Asmara: a crumbling memory of Italian colonialism

Walking around the empty streets of downtown Asmara on a Sunday afternoon, you could almost imagine yourself in a small Italian town. Actually, it would probably be more accurate to imagine yourself in a small Italian town in the 1970s, instead (although, how would I know what that looked like? but that’s how I imagine it anyway). 

the main and largest road in Asmara on a rainy down downtown

There are tiny vintage Fiat 500s tugging down the road next to old, hunched-over men with walking canes and fedoras strolling past intricately built apartment buildings and churches. Then you take a second look around and a pin bursts your beautiful Italian fantasy – everything is falling apart. The buildings are crumbling, windows are shattered, cars are sputtering, and the men seem to be missing a leg, or some fingers, or an eye. After a long and disabling war with Ethiopia, instead of moving forward, Eritrea seems to be a stuck in a different time. Everyone here seems to know loss; everyone seems to have a martyr in the family.  

The locals didn’t seem to feel the same strange sense of going through a time machine, or going into the Twilight Zone, as I did. Asmarinos walk around, laughing, arm-in-arm. They sit outside tiny cafes and drink macchiatos and shout to their friends across the street. It’s aesthetically beautiful: the deteriorating pastel art deco buildings are surrounded by the grinning faces of healthy youth, beautiful gardens with overgrown flowers, and the friendliest stray dogs you’ll ever meet. And amongst all of this are the children who come up and tug your shirt hem, whining “money, money” or sometimes even squinting their eyes at you and yelling, “China, china!”. It’s a city of too many contradictions; too many disparities between the beautiful and the uncomfortable. But this city’s beauty is also heartbreaking at the same time, because it’s a constant reminder of the long history of colonization. 

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Cinema Roma

Venture outside of this small capital city and the mountains are covered with shacks made from mud and stones, with roofs thatched from who knows what, and covered in sheet metal or plastic. These tiny huts are sprinkled around the lush mountain tops, mixed with a few cafes, churches, donkeys, and camels. 

on the road to Massawa

The city of Asmara seems like a different planet when you enter from the mountain roads outside. The colonizers of the 1930s had no reservations turning the city into their own tribute to Italy. Most of the city was built between 1935 and 1941, so the Italians managed to build this whole city-wide tribute to themselves in just six years. It’s a playground of modernist architecture: the Art Deco Cinema Impero, the “Cubist” Africa Pension, the beautiful Orthodox Cathedral, the former Opera House, the futuristic Fiat Tangliero garage, the neo-romanesque Roman Catholic Cathedral and the neoclassical Governor’s Palace are all famous sites in Asmara. Just driving through some side streets, you’re surrounded by beautiful Italian colonial villas and mansions.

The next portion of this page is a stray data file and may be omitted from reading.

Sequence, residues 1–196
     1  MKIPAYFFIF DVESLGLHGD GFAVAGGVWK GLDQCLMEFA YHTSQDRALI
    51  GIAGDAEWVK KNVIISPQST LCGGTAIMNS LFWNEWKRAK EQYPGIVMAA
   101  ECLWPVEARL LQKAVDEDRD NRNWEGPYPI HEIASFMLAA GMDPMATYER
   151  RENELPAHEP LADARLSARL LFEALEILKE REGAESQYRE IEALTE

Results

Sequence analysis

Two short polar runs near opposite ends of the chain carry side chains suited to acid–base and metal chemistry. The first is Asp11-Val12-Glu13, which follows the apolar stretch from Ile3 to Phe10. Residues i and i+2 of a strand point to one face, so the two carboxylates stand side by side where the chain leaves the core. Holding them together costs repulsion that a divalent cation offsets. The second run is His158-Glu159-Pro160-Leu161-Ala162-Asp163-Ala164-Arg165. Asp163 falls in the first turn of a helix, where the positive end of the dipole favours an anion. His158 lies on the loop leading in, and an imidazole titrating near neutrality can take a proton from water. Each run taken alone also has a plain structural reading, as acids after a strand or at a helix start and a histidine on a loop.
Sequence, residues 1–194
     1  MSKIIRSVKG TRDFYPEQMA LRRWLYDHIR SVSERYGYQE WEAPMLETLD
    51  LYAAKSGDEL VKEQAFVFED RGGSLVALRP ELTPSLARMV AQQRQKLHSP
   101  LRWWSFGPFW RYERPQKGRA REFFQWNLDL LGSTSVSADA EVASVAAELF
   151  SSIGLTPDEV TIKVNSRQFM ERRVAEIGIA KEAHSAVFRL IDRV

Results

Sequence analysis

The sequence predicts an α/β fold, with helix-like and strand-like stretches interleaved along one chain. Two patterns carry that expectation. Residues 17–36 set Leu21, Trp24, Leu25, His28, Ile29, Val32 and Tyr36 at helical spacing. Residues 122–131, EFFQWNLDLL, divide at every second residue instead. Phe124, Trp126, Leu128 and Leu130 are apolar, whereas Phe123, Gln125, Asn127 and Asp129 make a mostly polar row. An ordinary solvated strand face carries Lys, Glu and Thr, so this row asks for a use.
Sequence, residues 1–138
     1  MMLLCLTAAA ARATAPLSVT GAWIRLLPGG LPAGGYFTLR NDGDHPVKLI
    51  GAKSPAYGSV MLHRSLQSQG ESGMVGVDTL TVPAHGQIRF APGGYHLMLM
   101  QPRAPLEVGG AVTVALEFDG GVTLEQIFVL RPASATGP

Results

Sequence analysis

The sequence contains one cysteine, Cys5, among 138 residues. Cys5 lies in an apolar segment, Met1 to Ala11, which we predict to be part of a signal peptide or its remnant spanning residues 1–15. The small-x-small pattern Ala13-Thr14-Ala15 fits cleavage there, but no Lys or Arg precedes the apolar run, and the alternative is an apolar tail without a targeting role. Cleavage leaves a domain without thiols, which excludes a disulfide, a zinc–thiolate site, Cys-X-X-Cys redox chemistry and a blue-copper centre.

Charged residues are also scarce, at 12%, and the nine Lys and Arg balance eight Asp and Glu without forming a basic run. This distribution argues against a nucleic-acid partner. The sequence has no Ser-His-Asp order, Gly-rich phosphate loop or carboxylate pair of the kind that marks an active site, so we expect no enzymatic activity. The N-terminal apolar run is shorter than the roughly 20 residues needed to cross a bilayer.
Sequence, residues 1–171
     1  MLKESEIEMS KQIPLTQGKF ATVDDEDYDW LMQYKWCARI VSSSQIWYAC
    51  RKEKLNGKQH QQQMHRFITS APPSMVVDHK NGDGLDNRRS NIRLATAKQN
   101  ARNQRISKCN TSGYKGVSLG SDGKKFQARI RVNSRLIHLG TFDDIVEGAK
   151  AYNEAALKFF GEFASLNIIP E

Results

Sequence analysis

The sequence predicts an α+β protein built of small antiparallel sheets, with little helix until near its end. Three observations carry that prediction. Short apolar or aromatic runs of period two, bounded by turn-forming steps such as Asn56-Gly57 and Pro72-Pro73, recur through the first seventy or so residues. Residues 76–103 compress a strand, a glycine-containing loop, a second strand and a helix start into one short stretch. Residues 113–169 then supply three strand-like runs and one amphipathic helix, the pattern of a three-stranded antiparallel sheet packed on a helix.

Despite Italy losing its colony to the British in 1941, they left a lot of their own culture behind, and their lasting tribute to their colonizations still stands (even if it is slowly falling apart). From the old cars that should probably be in museums, to a favorite Italian past time and sport – cycling, Eritrean culture still screams “Italia!”  

Pasta and pizza are two favorite foods here, followed by gelato for dessert. Even the Tigrinya word for “ice cream” is “gelato.” That’s not the only way that Italian has penetrated the local language. How do you say goodbye here? Ciao. Just walking around Asmara you’ll hear, “come stai?,” “andiamo,” “ciao, bella!” and obviously “beera.” On any given day, an older gentleman might start speaking to you in Italian and many younger locals speak it fluently too, having attended the Italian school. 

How many times we’ve had to pull over the car to avoid a stampede of cows. Camels and donkeys and horses are whipped while hauling bags of bread and grains and rice over dirt roads. The Medebr market is full of old metal trash, aromatic spices, and piles of garbage. How can a city like this be so beautiful and entrancing, yet so dark, at the same time?  

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Even after my 8 weeks in Eritrea came to an end, I still have so many unanswered questions and a lot of confusion about this city. Some things don’t make sense, and some things make so much sense that they force a heavy weight upon your shoulders as you walk through the streets. 

Published by gabriellamikiewicz

Gabriella Mikiewicz is a 20-something Polish-American student and writer whose interests are as eclectic as her apartment decorations.

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